Tangier and Melilla confronted, other symbolic and literary biases is the ninth book of the Saharan Essays Collection edited by Lizundia. This interdisciplinary collection, entirely dedicated to Morocco, includes Ibero-American and Moroccan authors. José María chose two of his friends, located on different shores of the Atlantic, as the first readers of his latest creation: a Moroccan writer and literary critic and a Colombian political scientist, analyst and reader. The reader's impressions will probably also be on different shores, according to the circumstances of each reader and the way in which a reader situates himself and interacts with a text and its author.

Notes from a Colombian reader

The reading moved me to Morocco, but this time in a different way. And it also took me to Borges. To Morocco, as a country of writers, not of readers. I didn't know anywhere else but that Maghreb country so many people almost obsessed with being recognised as writers. Even the fact that I wasn't, in a way, seemed to detract intellectually from me sometimes in front of more than one interlocutor. Moving on to Borges, the immortal writer - cosmopolitan for some and universal for others - considered that greatness should be measured in what one reads rather than in what one writes: "One becomes great by what one reads and not by what one writes". "Let others boast of the pages they have written; I am proud of those I have read. The great poet from Buenos Aires who came to set foot on Moroccan soil is not without reason, it seems, twice, first in Tetuan, capital of the Spanish protectorate, in 1936 and, almost 50 years later, in Marrakech, in 1984. The fact is that a writer is, first and foremost, a reader. Some will ask: How do these comments relate to José María and his work?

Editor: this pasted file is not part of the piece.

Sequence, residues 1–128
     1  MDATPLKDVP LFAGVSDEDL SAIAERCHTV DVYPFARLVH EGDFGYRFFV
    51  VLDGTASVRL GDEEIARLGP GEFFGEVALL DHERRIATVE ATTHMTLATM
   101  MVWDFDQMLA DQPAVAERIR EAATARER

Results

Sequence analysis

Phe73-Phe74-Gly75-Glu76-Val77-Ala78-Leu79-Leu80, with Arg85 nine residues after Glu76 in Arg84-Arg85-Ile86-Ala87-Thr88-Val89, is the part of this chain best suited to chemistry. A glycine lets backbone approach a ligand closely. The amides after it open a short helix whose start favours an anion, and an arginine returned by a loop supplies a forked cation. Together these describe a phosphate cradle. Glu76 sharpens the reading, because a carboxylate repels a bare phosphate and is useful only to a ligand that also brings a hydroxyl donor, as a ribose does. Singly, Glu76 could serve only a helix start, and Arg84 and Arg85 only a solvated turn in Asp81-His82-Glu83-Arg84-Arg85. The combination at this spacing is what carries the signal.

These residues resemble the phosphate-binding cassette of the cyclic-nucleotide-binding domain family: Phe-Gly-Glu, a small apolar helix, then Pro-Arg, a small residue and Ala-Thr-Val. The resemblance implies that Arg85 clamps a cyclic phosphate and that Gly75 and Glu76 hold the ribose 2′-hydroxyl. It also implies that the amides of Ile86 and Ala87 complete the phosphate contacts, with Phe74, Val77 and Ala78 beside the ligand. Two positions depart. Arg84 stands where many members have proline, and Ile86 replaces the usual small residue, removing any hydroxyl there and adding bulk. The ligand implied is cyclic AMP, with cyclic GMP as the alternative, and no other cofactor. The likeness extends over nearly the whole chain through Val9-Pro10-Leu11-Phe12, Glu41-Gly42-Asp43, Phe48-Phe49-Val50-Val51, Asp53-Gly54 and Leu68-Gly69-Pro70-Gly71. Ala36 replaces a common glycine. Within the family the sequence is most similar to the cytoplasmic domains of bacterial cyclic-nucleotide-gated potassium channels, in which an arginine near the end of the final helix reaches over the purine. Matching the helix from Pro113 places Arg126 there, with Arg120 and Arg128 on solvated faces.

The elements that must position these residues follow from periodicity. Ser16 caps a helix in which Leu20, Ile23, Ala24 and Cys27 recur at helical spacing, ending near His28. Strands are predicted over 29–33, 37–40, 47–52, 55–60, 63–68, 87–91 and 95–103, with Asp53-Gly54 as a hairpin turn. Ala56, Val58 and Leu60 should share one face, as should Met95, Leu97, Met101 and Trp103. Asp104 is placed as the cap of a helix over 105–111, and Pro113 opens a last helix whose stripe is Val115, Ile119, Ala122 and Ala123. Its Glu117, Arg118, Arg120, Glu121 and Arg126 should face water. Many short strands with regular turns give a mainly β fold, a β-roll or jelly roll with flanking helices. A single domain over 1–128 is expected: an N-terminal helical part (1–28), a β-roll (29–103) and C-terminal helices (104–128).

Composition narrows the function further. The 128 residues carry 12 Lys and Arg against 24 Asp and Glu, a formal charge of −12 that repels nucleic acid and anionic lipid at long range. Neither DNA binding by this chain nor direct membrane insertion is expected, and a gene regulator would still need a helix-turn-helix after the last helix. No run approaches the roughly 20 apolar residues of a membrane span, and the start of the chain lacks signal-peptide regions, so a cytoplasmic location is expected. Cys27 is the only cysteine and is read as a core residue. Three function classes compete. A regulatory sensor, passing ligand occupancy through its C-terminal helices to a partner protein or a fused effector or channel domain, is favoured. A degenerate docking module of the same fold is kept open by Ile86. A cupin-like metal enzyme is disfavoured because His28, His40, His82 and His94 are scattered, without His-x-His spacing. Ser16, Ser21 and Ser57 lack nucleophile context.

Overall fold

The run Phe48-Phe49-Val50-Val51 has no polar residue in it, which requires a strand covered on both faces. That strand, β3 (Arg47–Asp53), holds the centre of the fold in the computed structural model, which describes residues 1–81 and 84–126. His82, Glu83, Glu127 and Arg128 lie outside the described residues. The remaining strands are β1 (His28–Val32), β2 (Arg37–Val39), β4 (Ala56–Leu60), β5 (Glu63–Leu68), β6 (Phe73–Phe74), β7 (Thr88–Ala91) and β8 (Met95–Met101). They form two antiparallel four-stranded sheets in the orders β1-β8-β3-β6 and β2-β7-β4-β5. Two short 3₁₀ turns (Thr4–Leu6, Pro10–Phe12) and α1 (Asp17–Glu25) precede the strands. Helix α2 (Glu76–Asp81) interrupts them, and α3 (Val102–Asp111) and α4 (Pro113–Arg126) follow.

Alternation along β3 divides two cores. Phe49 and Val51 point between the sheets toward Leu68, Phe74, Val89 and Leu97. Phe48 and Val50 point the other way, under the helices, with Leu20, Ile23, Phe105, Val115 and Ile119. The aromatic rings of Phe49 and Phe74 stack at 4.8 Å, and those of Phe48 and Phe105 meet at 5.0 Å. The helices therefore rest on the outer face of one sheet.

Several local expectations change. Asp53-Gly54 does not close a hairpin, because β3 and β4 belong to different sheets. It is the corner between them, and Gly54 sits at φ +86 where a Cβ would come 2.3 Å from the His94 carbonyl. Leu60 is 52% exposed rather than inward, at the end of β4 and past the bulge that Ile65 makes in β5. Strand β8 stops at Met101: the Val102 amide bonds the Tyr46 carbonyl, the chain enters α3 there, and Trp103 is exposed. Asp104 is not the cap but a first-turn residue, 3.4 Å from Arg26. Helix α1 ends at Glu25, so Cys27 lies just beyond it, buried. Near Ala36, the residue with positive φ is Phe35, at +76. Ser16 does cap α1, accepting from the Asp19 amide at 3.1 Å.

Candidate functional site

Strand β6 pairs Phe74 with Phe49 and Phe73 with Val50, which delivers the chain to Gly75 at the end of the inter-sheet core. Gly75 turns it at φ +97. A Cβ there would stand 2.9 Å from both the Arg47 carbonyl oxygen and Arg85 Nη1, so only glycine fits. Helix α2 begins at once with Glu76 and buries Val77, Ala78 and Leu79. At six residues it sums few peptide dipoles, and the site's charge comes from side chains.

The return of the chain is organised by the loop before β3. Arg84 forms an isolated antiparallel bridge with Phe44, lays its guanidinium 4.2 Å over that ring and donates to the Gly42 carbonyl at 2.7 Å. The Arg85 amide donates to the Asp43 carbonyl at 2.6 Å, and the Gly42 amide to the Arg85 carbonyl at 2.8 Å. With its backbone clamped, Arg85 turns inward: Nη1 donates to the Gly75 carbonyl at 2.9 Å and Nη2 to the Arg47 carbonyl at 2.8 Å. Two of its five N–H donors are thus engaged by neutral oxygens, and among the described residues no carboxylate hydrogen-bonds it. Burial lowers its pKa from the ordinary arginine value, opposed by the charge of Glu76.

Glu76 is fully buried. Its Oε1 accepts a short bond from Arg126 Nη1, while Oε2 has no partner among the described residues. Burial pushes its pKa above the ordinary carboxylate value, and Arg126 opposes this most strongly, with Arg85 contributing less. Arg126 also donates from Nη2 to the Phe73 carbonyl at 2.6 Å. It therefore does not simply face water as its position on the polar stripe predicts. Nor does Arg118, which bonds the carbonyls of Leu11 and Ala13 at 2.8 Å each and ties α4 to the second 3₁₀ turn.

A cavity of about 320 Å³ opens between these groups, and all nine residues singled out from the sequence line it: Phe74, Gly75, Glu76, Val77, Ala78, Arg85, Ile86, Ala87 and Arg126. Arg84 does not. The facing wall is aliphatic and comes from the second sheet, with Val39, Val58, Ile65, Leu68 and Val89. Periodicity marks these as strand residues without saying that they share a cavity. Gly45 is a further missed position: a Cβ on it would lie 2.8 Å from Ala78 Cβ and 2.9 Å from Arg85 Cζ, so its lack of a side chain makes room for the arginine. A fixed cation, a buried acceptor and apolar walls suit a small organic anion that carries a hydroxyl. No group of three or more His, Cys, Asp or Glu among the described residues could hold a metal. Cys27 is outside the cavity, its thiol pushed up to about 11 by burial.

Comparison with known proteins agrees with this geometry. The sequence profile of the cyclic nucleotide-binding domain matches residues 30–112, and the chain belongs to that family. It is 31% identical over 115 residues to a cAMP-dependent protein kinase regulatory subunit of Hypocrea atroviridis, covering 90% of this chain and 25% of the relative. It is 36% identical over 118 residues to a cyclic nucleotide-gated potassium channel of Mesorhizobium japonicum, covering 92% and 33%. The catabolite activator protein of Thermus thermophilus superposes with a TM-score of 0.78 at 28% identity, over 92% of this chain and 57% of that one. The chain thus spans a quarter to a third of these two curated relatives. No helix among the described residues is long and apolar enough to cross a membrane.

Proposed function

José María Lizundia, diciembre, 2019